A unanimous US Supreme Court has ruled that the First Amendment applies to New York’s law regulating credit card surcharge fees, in Expressions Hair Design v. Schneiderman, No. 15-1391.

The Court held that New York General Business Law §518 − which provides that “[n]o seller in any sales transaction may impose a surcharge on a holder who elects to use a credit card in lieu of payment by cash, check, or similar means” − regulates speech and, therefore, is subject to challenge under the First Amendment. The Court reversed and remanded a decision of the US Court of Appeals for the Second Circuit, which had ruled that §518 regulated conduct, not speech, and thus was not subject to challenge under the First Amendment. The Court instructed the Second Circuit to now determine whether §518 runs afoul of First Amendment protections.

This case involves a challenge to §518 by five New York businesses and their owners (the petitioners), that impose surcharges on customers who use credit cards to purchase goods. Section 518 and similar laws in other states are virtually the only source of regulation of the legality of surcharges for credit card use. Congress previously regulated the use of surcharges through the Truth in Lending Act, prohibiting merchants from imposing surcharges on customers who used credit cards. But the federal law lapsed in 1984. New York and other states then adopted laws that tracked the federal legislation. During this same time, many credit card issuers had contractual prohibitions on barring discounts for cash purchases. In 2013, however, many of the major credit card companies began to drop the contractual surcharge provisions. This left the state laws, like §518, the only hindrance to surcharges. At that time, the petitioners filed suit ,contending that (1) §518 violated the First Amendment by regulating how they communicated their prices and (2) the law was unconstitutionally vague.

In an opinion by Chief Justice John G. Roberts, the Supreme Court reversed the Second Circuit’s decision that §518 was merely a price regulation that did not implicate free speech. The Court first noted the petitioners pressed only an as-applied challenge to §518, asking whether merchants could post a cash price and then post the percentage surcharge or a “dollars-and-cents” additional amount. With that narrow question in mind, the Court next agreed with the Second Circuit that §518 applies to the petitioners’ proposed pricing scheme − hence teeing up the constitutional questions.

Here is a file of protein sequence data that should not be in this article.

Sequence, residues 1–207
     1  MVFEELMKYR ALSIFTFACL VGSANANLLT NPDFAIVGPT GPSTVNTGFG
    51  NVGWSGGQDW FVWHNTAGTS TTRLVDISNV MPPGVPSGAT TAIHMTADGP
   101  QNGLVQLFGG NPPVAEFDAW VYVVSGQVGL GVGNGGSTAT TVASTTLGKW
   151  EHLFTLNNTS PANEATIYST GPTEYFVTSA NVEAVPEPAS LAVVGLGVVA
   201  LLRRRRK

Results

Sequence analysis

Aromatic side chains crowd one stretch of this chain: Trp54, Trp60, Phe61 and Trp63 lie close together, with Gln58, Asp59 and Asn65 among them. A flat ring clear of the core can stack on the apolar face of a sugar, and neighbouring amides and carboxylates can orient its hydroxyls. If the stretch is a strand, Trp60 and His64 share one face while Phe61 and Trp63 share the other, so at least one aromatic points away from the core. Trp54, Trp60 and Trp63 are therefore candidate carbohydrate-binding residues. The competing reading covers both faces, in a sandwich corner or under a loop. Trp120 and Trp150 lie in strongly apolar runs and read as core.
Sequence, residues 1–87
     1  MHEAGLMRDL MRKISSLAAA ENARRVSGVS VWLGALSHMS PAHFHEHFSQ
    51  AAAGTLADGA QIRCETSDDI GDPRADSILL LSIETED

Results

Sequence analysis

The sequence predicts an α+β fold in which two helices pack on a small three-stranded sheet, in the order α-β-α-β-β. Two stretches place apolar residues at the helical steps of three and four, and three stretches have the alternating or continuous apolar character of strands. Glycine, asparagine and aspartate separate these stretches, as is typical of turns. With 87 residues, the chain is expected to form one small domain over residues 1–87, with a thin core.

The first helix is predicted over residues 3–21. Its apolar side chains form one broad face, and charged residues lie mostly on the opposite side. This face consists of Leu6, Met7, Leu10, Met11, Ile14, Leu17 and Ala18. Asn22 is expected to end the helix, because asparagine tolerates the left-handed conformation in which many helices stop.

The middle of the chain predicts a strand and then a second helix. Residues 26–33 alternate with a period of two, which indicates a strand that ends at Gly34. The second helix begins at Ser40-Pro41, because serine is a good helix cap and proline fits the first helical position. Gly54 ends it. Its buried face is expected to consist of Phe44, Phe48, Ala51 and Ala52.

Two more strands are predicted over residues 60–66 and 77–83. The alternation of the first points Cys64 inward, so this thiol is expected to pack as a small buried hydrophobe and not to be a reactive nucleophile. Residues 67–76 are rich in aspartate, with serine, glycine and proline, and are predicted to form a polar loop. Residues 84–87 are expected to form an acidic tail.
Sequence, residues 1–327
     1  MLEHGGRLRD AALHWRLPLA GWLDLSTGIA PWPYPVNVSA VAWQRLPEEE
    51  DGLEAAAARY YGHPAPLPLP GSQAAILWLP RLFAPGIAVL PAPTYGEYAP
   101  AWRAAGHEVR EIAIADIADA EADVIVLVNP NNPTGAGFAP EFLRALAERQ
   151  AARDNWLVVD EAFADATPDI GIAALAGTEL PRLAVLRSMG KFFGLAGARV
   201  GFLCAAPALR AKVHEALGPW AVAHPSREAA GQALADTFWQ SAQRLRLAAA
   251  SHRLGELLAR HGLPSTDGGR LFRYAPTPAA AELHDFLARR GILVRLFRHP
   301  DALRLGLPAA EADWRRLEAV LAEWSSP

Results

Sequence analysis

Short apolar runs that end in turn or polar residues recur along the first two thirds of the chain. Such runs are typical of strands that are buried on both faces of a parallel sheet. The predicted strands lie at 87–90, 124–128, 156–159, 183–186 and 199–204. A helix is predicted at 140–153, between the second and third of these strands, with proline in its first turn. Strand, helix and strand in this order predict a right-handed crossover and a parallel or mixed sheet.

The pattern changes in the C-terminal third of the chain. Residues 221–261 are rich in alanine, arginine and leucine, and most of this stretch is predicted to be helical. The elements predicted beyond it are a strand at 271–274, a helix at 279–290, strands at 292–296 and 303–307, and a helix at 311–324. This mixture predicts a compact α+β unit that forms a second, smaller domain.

The Court then turned to the crux of the case: whether §518 regulates speech or conduct. The Court rejected the Second Circuit’s reasoning that §518 was a price control that regulated conduct alone. The Court explained that §518 was “not like a typical price regulation.” (Op. at 8.) The Court contrasted §518 with a hypothetical law requiring all New York delis to charge $10 for a sandwich. Such a law would regulate only the price for a sandwich, not how that price is conveyed to customers, and the law’s effect on speech “would be only incidental to its primary effect on conduct.” (Op. at 9.) Section 518, in contrast, does not regulate how much a merchant must charge. Instead, §518 specifically regulates how merchants can communicate that charge, whatever it is, to customers. Therefore, §518 may be subject to a First Amendment challenge because it regulates “the communication of prices rather than prices themselves.” (Id.)

The Court’s opinion stopped there, however, because the Second Circuit’s decision was based only upon the conclusion that §518 regulated conduct. The Court remanded the case to the Second Circuit to “analyze §518 as a speech regulation.” (Op. at 10.) The Court also rejected the petitioners vagueness challenge, because, as applied to the petitioners, there was no question that “§518 proscribes their intended speech.” (Op. at 11.)

Although the judgment was unanimous, the reasoning was not. Justice Stephen G. Breyer agreed that §518 regulates speech, but that was “because virtually all government regulation affects speech.” (Breyer, J., concurring, at 1.) Justice Breyer would not have focused on the distinction between speech and conduct, but instead would have focused on how “a challenged statute, rule or regulation affects an interest that the First Amendment protects.” (Id.) He thought it was “more important” to determine the proper level of scrutiny for a particular category of speech, rather than distinguish “speech from conduct.” (Id. at 2.)

Justice Sonia Sotomayor, joined by Justice Samuel A. Alito, wrote that the majority’s opinion was a “quarter-loaf outcome” because the Court addressed “only one part of one half of petitioners’ first Amendment challenge.” (Sotomayor, J., concurring, at 1.) Justice Sotomayor explained that §518 is an ambiguous statute, and even the Second Circuit did not take a position on how far §518’s prohibitions reached. She therefore would have vacated the judgment and told the Second Circuit to ask the New York Court of Appeals to interpret §518.

The Court’s opinion will require the Second Circuit to determine both the breadth of §518 and whether the law can withstand a First Amendment challenge. The road to that determination could be a winding one. The Second Circuit can take the route that Justice Sotomayor suggests and certify the question of §518’s scope to the New York Court of Appeals. Then, after §518’s breadth is determined, the Second Circuit will decide which level of judicial scrutiny governs §518: is it pure commercial speech or is it merely a disclosure?

In all events, the case may circle back to the Supreme Court again to finally decide whether the First Amendment protects from government regulation the manner in which a merchant advertises a credit card price differential.